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What is the need for long when int and long are both 4 bytes

 
 
parag_paul@hotmail.com
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      11-03-2007
hi All
I understand the need for long long , but what is the purpose of long
as a data type separately. Just makes the language intimidating to
start with, when you have to deal with so many data types.

 
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Kai-Uwe Bux
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      11-03-2007
http://www.velocityreviews.com/forums/(E-Mail Removed) wrote:
> Re: What is the need for long when int and long are both 4 bytes


Where did you get that idea? Neither are required to be 4 bytes, and they
are not required to span the same range. The requirements are:

int can represent all integers in the interval [INT_MIN, INT_MAX].

long can represent all integers in the interval [LONG_MIN, LONG_MAX].

Moreover, we have the following guarantees inherited from C:

INT_MIN <= -32767
INT_MAX >= 32767

LONG_MIN <= -2147483647
LONG_MAX >= 2147483647


> hi All
> I understand the need for long long , but what is the purpose of long
> as a data type separately. Just makes the language intimidating to
> start with, when you have to deal with so many data types.


The requirements for the type int are somewhat special. If you look at
short, long, long long, you will find that they more or less match your
expectations. However, the idea behind int is that it should be
the "natural" arithmetic type of the machine (i.e., it should be
represented by one word). Now, what that means is a little iffy, e.g., do
you think of processor registers or of memory and bus architecture; but
that was the idea: in the word of the standard [3.9.1/2]:

... Plain ints have the natural size suggested by the architecture of the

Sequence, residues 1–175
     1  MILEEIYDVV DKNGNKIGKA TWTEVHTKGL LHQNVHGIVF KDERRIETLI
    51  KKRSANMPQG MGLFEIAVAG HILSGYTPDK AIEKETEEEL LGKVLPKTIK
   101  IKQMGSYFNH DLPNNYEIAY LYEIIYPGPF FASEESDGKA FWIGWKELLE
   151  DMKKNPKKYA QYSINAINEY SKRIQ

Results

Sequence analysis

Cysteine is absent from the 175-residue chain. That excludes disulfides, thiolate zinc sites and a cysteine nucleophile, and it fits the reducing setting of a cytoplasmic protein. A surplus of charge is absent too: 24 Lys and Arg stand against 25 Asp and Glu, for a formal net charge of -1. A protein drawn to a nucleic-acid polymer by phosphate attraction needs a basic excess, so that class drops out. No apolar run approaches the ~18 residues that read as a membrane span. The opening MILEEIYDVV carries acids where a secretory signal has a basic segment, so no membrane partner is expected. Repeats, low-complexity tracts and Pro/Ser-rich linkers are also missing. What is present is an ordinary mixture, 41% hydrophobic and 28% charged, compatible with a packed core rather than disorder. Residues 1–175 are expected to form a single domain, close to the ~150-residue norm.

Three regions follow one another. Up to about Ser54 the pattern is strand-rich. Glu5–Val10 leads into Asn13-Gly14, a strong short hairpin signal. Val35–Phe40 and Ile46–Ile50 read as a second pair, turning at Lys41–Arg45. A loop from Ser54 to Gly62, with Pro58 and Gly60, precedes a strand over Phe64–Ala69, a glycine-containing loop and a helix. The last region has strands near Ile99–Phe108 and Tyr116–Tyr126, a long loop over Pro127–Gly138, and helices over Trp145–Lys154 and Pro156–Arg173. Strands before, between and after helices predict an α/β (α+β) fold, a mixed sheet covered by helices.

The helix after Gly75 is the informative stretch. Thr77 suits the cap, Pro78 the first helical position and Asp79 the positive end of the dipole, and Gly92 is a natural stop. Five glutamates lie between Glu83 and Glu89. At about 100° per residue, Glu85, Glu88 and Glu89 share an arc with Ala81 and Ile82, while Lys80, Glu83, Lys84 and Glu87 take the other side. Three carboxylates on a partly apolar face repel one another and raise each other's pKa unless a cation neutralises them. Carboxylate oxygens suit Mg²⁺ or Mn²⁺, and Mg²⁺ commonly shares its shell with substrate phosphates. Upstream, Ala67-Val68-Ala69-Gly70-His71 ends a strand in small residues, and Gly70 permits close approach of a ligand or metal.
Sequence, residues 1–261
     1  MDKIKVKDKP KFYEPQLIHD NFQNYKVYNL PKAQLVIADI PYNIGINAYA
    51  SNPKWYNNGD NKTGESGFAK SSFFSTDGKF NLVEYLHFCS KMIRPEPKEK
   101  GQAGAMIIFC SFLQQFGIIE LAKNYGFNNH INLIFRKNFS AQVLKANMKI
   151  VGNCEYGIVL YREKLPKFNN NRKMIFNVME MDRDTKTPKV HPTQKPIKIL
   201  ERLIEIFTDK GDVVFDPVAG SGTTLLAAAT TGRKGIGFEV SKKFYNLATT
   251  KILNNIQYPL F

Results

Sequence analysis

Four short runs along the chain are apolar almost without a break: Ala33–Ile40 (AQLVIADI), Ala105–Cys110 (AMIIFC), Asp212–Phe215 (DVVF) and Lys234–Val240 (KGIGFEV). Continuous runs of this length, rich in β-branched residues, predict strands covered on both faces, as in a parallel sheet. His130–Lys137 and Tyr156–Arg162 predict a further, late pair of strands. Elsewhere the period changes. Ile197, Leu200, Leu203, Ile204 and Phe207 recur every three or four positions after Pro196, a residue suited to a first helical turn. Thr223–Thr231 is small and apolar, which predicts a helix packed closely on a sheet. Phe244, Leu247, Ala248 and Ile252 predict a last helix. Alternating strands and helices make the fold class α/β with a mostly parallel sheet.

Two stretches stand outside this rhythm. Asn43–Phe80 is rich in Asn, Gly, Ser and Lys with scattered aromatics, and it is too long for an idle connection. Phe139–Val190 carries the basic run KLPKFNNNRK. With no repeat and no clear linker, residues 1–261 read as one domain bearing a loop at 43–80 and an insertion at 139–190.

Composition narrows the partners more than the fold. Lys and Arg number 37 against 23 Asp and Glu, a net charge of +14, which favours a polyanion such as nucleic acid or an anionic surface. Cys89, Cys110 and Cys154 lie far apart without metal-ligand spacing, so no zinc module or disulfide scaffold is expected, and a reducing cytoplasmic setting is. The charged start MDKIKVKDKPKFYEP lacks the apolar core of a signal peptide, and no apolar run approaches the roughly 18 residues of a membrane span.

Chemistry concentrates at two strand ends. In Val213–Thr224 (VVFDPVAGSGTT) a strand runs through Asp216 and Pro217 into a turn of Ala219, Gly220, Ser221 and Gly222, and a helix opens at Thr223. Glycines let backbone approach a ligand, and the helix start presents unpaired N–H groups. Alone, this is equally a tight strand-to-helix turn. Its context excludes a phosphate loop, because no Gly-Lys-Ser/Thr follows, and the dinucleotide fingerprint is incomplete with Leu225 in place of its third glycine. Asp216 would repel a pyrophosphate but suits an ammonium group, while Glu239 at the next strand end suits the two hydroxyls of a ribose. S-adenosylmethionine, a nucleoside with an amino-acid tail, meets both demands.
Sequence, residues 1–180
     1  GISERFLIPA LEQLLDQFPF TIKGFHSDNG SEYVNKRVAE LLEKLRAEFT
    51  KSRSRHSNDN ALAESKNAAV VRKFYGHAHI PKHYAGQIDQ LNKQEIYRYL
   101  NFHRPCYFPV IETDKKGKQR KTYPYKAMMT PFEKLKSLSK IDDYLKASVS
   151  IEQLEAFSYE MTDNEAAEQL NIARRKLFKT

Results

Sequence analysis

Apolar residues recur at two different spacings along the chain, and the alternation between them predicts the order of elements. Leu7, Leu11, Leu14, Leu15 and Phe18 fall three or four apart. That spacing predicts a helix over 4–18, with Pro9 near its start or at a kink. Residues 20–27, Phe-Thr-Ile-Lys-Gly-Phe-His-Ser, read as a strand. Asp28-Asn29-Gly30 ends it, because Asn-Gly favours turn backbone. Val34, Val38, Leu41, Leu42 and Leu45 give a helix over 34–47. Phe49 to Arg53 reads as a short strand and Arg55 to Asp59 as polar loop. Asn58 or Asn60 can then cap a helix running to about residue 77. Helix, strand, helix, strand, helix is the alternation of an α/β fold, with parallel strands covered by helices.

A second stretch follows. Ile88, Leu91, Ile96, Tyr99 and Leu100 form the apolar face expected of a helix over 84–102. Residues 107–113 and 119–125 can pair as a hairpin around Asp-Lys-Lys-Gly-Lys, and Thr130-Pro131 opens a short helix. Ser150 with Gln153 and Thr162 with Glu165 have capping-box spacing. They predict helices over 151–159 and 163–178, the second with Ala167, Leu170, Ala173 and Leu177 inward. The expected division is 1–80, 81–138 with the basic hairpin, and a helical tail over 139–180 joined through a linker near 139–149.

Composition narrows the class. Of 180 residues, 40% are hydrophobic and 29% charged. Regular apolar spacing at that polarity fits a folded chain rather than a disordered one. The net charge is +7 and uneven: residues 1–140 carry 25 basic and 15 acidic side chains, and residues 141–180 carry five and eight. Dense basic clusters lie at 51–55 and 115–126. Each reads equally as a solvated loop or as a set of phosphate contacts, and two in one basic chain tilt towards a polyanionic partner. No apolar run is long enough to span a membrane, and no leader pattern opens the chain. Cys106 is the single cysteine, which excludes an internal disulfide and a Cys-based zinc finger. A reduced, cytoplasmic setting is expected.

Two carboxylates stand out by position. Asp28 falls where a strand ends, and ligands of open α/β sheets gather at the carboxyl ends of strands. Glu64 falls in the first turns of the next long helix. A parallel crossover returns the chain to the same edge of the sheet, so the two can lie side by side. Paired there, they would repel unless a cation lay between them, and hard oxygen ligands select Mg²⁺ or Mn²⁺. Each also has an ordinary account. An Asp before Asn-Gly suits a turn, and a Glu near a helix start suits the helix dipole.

execution environment [39]; the other signed integer types are provided to
meet special needs.

[39]= that is, large enough to contain any value in the range of INT_MIN
and INT_MAX, as defined in the header <climits>.


Best

Kai-Uwe Bux
 
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Ian Collins
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      11-03-2007
(E-Mail Removed) wrote:
> hi All
> I understand the need for long long , but what is the purpose of long
> as a data type separately. Just makes the language intimidating to
> start with, when you have to deal with so many data types.
>

Have you ever considered an 8 or 16 bit processor where int is 16 bits?
Or a 64 bit machine where int is 32 bits?

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Rolf Magnus
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      11-03-2007
(E-Mail Removed) wrote:

> hi All
> I understand the need for long long ,


.... which doesn't exist in standard C++ ...

> but what is the purpose of long as a data type separately.


You need it if you want to be sure to get a type that has at least 32
siginificant bits. int doesn't give you that guarantee.

 
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Jack Klein
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      11-05-2007
On 3 Nov 2007 01:14:31 -0700, "(E-Mail Removed)"
<(E-Mail Removed)> wrote in comp.lang.c++:

> hi All
> I understand the need for long long , but what is the purpose of long
> as a data type separately. Just makes the language intimidating to
> start with, when you have to deal with so many data types.


That's funny, I use an implementation where sizeof(int) is 1 and
sizeof(long) is 2. Are you sure your compiler isn't broken?

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dprody dprody is offline
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Join Date: Oct 2007
Posts: 4
 
      11-05-2007
>That's funny, I use an implementation where sizeof(int) is 1 and
>sizeof(long) is 2. Are you sure your compiler isn't broken?



whats does sizeof(char) give on that compiler. most compilers i've seen the results of sizeof() are in bytes. and 1 byte is not large enough to meet the range required by the standard.
 
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